If you have an ARM processor then having android becomes more important because otherwise you only have access to the limited chrome and online apps. Which would probably do, but I don’t think that I’d be too happy not having the android apps.
What size screen? Plenty of developers work on an 11 inch device. But it’s not for everyone, it’s going to largely depend on what your doing. If you like to have your editor next to your design then it probably wont do. But if your for the most part in your editor and don’t need them next to each other I think that 11 inch does fine.
It’s certainly nice to have the extra portability of a 11 inch device.
But to be honest, it’s really something you have to trial to be sure how it would work for you. If your keen on not having to switch out to a 13 device ( say your buying new ). Then the 13” device is definitely the safer bet. If you don’t need the ultra portability of a 11″, then I would definitely advise going for a 13″ modal.
Chromebooks can be exceedingly light. Which is nice, but but how important is this? It should be considered whether the lightness is important over loss of other features. For me, I like to travel so having something with me that is super light is nice but I’m not convinced that, for me, the lightness is worth the sacrifice.
To have something heavier just means that I will have a bit of a heaver suitcase – maybe not something I should be changing my setup for.
If I planned to do more writing out and about, in the park and in coffee shops, then the size and light weight would be great. I would happily carry this around with me all day.
I wouldn’t take this particular Chromebook out and about though, despite how small and light it is because it’s screen is pretty much a mirror. It has the worse gloss I’ve seen. Again, not something that came up in the reviews I read.
You would have to whack that brightness to the max to see anything which hurts my eyes and kills the battery.
If I were to get another Chromebook, I would be looking for a less glossy screen. Unfortunately matte screens are not very common any more.
Why would you want to?
Primarily this is cost and weight. I saw older ultrabooks at the same price point on Ebay, but these were usually a lot heavier.
The Asus Flip also gives the versatility of having an android tablet too. However, after a week of use, I didn’t make use of the tablet functionality which I did suspect would happen. But I did make use of the android apps heavily.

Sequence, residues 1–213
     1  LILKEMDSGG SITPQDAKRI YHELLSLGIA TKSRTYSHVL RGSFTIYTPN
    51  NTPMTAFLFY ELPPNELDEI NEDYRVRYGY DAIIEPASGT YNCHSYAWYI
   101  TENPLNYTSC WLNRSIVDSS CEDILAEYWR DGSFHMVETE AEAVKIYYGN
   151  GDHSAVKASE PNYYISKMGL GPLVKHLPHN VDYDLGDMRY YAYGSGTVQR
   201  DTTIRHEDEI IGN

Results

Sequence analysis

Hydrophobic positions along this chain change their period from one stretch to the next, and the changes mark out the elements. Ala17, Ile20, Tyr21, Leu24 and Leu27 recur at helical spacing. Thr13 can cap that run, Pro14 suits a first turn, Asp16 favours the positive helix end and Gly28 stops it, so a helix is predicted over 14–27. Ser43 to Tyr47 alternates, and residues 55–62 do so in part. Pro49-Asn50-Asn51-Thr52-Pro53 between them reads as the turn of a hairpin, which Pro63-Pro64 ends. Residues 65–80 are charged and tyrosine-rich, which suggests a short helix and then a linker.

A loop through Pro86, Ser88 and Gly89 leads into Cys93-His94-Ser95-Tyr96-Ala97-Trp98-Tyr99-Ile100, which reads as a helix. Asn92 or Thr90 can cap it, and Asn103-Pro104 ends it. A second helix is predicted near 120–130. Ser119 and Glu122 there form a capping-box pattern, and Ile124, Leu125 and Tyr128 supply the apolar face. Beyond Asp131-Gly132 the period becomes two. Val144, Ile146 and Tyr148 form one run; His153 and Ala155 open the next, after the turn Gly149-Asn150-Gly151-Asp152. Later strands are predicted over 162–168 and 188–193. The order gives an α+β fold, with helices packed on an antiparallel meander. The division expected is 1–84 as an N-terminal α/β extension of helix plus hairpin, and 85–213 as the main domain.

This is being written in an android app.
Chromebook VS linux ultrabook?
Now having used this for a week, I probably would choose a Linux ultrabook.
The benefits over a Chromebook is that they are cheap, yet modern. Being modern comes with benefits. If I were to get an ultrabook for the same price, it seemed that it would need to be a couple years older and much heaver. They also tended to have non SSD drives, so I would also need to factor the cost and accessibility of changing the drive over.
I think some manufacturers of Chromebooks have released Intel versions of their Chromebooks. So one of those would be worth considering. But again they often came with non SSD drives.
I think this is due to the fact that Chromebooks are made for the net so it’s assumed that you don’t need much space. Meaning they could put in small SSDs.
I would have been happy with a small internal HD but not being able to access my USB made the small hard drive problematic for me.
Another possibility would be to choose a Chromebook modal that Gallium OS supports. Which would mean wiping the Chrome OS and replacing with Linux.
But it’s actually the Chrome OS that many buy a Chromebook for. Most of us do spend 90% of the time in a browser, so a browser based OS makes sense for a lot of people.
Ports & Dongles
Being a small portable machine, it’s hardly surprising that ports are a issues.
However, I do have 2 USBs which is more then can be said for a recent Macbook pro. I also have a mini HDMI, although it feels flimsy and requires a adapter or a new lead.
The power port seemed pretty fragile too, one hardish knock ant that would prob be it. With the amount of times my magsafe comes out, it would prob not be long till that broke.
Crouton or installing linux
I liked Crouton in theory. I liked the idea of being able to switch between Linux and Chrome OS without rebooting. I liked the idea of being able to open Linux in a new tab. But I found it a bit clumsy.